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  12. The red towels look almost Christmassy. Nice to have the artistic girls sort the reels for you. I hope you find the 36" LeClerc soon. I've always called them tea towels.
    I have a dozen that I bought when our supermarket was selling pairs of jumbo size towels, they are cotton and dry beautifully. Then they were unavailable for a while. When they came back instore, the price was the same, but they were cheaper quality, with the weave more open, didn't dry as well and the edges went ruffly in the wash. Like this ~~~~~~, so now they don't fold right and don't lie flat.

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  13. This is very interesting. I didn't realize what the difference was. I do know we have various towels in our drawer and some are much more absorbent that others.

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  14. Phew. That is a LOT of thread. You are going to be busy.

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  15. How I envy you this incredible talent Joanne - lost here in the UK for the most part I think. I assume it has survived and even grown in the US and Canada because in the early days folk had to weave and these skills have been passed down. I must say I don't know a single person who does anything at all like this.

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  16. Please do seriously consider the workshop...skills like yours should be passed on.The world has been flooded with cheap ......(can't say the word here) material and resulting products. Bring back quality!
    Jane x

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  17. I am amazed you can do this sort of thing. It is hard work, but how rewarding!

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  18. Joan, you say that linen towels do not dry as well as cotton ones. I agree with you, when they are new. I find that with linen towels, after a few years of use the fabric changes and they start drying beautifully. Do you agree?

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    1. Yes, because the chemicals to control shrinkage are washing and wearing away, the fiber is softening and opening and is able to absorb more moisture.
      Cotton and linen, thought, are such inherently different fibers we cannot expect the same thing from them. Cotton is a short fiber and there are bizillions of the little devils in every inch of thread. Linen is a bast fiber, stripped from flax or hemp or yucca and other bast plants. The fibers are very long, a foot or more, make a very dense thread that takes a long time to break down and absorb moisture.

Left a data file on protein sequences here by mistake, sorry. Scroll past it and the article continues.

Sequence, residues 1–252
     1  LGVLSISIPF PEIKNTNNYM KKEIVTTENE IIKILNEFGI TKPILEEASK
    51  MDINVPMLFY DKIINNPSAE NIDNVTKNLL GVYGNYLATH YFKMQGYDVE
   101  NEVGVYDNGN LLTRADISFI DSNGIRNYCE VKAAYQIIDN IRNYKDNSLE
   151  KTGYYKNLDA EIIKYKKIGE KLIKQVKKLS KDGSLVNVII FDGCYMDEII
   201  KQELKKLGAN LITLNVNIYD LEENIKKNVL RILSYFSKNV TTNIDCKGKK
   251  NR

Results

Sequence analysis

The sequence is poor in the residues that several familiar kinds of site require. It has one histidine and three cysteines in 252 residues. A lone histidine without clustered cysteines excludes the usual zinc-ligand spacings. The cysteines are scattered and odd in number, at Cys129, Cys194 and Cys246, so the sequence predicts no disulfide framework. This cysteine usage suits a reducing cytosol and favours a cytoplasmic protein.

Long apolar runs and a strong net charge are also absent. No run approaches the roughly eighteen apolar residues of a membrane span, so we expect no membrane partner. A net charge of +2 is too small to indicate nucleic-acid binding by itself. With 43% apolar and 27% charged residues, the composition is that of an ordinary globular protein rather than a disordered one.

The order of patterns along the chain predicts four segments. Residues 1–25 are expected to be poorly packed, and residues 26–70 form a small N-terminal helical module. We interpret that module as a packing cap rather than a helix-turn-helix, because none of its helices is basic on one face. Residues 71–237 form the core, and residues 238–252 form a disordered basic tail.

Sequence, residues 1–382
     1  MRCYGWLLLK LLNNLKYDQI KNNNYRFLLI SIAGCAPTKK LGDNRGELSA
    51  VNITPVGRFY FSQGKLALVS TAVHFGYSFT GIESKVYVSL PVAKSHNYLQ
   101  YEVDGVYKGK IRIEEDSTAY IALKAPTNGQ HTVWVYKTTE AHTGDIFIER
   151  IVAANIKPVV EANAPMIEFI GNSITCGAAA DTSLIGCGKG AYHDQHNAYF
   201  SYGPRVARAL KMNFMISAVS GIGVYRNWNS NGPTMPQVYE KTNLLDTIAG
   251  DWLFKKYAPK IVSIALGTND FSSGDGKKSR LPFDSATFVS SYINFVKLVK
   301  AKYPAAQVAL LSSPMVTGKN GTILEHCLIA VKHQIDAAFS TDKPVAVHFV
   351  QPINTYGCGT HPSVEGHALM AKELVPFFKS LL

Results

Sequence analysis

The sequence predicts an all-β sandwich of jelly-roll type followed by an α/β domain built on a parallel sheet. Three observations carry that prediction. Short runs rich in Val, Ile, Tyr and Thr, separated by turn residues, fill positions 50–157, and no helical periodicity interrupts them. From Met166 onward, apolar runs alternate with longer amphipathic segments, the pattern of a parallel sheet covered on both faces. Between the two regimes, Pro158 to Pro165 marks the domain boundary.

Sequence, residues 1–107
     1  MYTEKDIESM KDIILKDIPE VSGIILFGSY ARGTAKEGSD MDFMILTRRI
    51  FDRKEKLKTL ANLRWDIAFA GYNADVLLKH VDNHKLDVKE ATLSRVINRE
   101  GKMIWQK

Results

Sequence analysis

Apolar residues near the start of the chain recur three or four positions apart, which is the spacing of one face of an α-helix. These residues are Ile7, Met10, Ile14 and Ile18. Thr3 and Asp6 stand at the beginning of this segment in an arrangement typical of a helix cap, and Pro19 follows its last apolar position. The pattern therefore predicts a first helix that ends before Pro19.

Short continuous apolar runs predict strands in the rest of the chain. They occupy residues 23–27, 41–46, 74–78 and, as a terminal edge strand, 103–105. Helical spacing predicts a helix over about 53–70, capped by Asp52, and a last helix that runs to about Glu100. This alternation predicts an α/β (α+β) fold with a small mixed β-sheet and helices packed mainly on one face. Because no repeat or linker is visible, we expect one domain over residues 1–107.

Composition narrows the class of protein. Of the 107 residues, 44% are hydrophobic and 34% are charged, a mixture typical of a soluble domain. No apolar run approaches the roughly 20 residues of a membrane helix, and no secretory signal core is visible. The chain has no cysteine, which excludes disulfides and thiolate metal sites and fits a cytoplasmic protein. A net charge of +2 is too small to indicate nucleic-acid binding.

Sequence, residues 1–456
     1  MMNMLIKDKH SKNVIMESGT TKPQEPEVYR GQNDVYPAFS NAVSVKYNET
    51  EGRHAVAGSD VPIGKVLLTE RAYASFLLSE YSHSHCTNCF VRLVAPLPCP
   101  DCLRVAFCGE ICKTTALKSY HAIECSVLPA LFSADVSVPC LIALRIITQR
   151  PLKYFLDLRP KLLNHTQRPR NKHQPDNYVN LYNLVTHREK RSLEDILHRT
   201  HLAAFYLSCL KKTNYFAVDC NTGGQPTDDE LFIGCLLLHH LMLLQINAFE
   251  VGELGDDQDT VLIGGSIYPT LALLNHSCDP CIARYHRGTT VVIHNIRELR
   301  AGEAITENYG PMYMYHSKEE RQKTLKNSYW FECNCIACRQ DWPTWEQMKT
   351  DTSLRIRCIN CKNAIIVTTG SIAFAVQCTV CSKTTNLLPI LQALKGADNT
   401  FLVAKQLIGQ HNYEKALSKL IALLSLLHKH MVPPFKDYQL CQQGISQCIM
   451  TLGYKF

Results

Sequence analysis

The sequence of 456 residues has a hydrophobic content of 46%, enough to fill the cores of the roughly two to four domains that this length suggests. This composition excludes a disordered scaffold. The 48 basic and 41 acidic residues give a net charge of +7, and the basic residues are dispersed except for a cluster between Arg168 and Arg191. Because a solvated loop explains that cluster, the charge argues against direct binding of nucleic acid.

Treasure your old linen towels. Too bad they don't come that way--old.

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    2. Thanks for the explanation. I understand what happens now. There are two kinds of linen towels hin this household. Nice ones which are used as small tablecloths or on trays, especially when there are visitors, and old ones that are used to dry dished. Many of these old ones come from charity shops (you know the tea towels that were sold to tourists as souvenirs - I doubt they are still sold anymore, but there are still some of them around).
      Thanks again for the explanation.

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  19. I adore mine especially the yellow ones xxxx

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  20. You have provided us with some very good information about threads. I do remember my mothers tea towels as she called them when they were, I,m sure just pain ole cotton towels. thanks --- barbara

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  21. I 've never had linen ones if I can find some I will give them a go.
    Merle..........

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  22. Just popping by from Delores's Blog where your masterpieces attracted my attention they are gorgeous. Loved this post explaining the differences in materials. Nice work you are very talented. Thank you . B

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  23. Love your weaving! the red towels are beautiful.

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  24. A good dish towel earns its keep a hundred times over, like all good tools. And these are beautiful, as well. I love your weaving posts! May you find your loom, somehow, soon. The more people you have looking out, the more chance there is.

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  25. I found your blog when I admired the photo of your towels that Delores displayed on her blog. Now I see how you made them! What a lovely talent to have!

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  26. IT seems to me that the Universe is taking a long time to align the stars and planets.

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  27. Well, now that I've read this, I'm HUGELY excited, even moreso than before.

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  28. I hate napkins and towels that don't absorb. I mean, what's the freakin' point! Anyway, my sone and daughter-in-law have acquired a small loom or maybe they are building one. he has me on the lookout for shuttles at the antique stores.